Say the word ‘design’ and what do you think of? Fashion? Yeah, that’s a good one. Furniture? Sure. But design’s about more than just pretty objects. It’s about everything from the building you work in to the entire city that houses it. To consider design is to consider the world and almost everything in it. But it’s about even more than that! Designers can also illuminate the soul and explore why we act the way we do. They’re wizards in fancy clothes, basically. Don’t believe us? Read on for the highlights of Beijing Design Week (BJDW; Monday 26 September - October 3), including our very own fashion pop-up shop
, and to see how design affects your life.
Beijing Design Week is about more than just seeing things – there are plenty of chances to join in the fun, such as with this year’s edition of Notch, the recurring collaboration between China and Nordic countries. On weekends, visitors can join Notch in exploring the Dashilar area for artistic inspiration. And from Saturday 17 to Friday 23 September, folks can join in the group’s Open Studio Camp to help make artistic works.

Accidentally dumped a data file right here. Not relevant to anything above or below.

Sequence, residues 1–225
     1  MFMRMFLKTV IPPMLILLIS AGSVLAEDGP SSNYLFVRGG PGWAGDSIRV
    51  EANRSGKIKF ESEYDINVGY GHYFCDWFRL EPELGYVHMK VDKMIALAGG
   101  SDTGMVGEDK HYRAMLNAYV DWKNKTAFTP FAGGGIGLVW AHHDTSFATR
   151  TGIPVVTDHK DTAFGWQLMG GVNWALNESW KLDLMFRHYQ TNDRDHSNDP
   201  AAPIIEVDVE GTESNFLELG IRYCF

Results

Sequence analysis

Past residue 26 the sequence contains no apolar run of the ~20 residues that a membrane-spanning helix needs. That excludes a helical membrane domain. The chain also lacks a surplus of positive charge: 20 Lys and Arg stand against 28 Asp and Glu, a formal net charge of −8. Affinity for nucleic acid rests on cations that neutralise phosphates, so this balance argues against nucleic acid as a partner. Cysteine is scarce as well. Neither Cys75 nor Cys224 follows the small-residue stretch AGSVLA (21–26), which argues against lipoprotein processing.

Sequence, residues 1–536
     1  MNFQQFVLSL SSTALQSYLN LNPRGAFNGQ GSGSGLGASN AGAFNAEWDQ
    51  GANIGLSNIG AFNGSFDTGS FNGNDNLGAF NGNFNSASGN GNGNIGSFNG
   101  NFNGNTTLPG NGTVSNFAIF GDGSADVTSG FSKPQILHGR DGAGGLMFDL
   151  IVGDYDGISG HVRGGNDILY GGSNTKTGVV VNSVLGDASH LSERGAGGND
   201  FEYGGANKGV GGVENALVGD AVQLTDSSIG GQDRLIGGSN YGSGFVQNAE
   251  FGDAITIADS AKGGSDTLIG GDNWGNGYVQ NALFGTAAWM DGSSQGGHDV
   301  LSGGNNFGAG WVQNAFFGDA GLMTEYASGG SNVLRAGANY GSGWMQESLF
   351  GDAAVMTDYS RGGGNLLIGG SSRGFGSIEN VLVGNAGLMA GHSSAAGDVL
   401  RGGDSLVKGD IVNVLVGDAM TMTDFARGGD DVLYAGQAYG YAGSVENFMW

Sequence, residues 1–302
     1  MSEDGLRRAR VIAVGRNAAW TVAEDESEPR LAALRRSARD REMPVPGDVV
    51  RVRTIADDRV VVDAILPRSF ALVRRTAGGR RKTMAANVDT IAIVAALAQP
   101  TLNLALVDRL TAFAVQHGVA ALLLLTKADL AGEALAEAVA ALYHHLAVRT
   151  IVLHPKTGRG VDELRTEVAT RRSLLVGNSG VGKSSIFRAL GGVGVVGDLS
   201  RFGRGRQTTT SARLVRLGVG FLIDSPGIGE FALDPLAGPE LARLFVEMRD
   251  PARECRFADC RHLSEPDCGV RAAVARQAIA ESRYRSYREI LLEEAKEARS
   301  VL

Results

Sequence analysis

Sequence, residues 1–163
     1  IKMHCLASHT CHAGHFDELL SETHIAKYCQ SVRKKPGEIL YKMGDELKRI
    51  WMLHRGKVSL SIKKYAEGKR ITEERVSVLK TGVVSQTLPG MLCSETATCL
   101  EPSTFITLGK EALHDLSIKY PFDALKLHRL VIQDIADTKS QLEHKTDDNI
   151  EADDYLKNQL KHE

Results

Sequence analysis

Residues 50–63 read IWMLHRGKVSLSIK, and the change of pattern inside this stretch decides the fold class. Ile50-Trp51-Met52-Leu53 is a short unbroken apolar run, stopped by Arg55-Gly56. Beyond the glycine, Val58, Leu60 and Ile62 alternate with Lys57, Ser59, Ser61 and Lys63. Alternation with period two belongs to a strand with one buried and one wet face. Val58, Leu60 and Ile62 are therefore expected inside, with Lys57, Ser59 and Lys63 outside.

Not that you’ll be putting in all the elbow grease; the hard design work has already been done by folks from China and Northern Europe. Danish duo Hvass and Hannibal will turn milk car tons into ‘pixels’; Iceland’s Gudrun Kristjansdottir will get the local community to paint unwanted objects with volcano ash for an installation; and artists from Denmark, Finland and Beijing will build an interactive noughts-and-crosses (or tic-tac-toe, if you must) display. Best of all, there’s a graffiti-painting robot.
We’re sure you know that China invented gunpowder, paper and the compass, but did you know that the country also had a jump-start on city planning? Hutopolis, an interactive city analysis project debuting at Beijing Design Week, argues that urban planning theories about community and nature just now emerging in Europe were already present in Beijing’s hutongs thousands of years ago. To help people understand how hutongs work and how their principles can be used elsewhere, Hutopolis offers a series of videos, discussions and a Sim City-esque hutong creation program.